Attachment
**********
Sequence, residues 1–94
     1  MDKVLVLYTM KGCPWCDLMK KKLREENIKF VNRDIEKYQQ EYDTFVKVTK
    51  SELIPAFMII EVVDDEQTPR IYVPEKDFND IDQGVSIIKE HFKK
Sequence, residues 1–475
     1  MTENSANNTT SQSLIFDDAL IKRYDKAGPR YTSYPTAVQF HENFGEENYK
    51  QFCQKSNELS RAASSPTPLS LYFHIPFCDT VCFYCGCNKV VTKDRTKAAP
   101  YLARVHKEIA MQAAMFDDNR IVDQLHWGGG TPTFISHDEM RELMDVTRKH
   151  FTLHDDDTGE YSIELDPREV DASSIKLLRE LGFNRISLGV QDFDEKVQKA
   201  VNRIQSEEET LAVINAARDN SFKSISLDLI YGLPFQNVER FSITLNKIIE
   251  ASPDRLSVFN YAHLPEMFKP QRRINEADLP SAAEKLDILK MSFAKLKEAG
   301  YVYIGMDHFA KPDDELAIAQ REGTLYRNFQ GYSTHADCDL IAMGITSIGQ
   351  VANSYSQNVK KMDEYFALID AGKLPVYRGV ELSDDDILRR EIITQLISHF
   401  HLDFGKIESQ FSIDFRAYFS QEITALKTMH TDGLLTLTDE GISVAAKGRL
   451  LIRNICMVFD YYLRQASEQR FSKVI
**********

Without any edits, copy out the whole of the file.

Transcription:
Sequence, residues 1–94
     1  MDKVLVLYTM KGCPWCDLMK KKLREENIKF VNRDIEKYQQ EYDTFVKVTK
    51  SELIPAFMII EVVDDEQTPR IYVPEKDFND IDQGVSIIKE HFKK
Sequence, residues 1–475
     1  MTENSANNTT SQSLIFDDAL IKRYDKAGPR YTSYPTAVQF HENFGEENYK
    51  QFCQKSNELS RAASSPTPLS LYFHIPFCDT VCFYCGCNKV VTKDRTKAAP
   101  YLARVHKEIA MQAAMFDDNR IVDQLHWGGG TPTFISHDEM RELMDVTRKH
   151  FTLHDDDTGE YSIELDPREV DASSIKLLRE LGFNRISLGV QDFDEKVQKA
   201  VNRIQSEEET LAVINAARDN SFKSISLDLI YGLPFQNVER FSITLNKIIE
   251  ASPDRLSVFN YAHLPEMFKP QRRINEADLP SAAEKLDILK MSFAKLKEAG
   301  YVYIGMDHFA KPDDELAIAQ REGTLYRNFQ GYSTHADCDL IAMGITSIGQ
   351  VANSYSQNVK KMDEYFALID AGKLPVYRGV ELSDDDILRR EIITQLISHF
   401  HLDFGKIESQ FSIDFRAYFS QEITALKTMH TDGLLTLTDE GISVAAKGRL
   451  LIRNICMVFD YYLRQASEQR FSKVI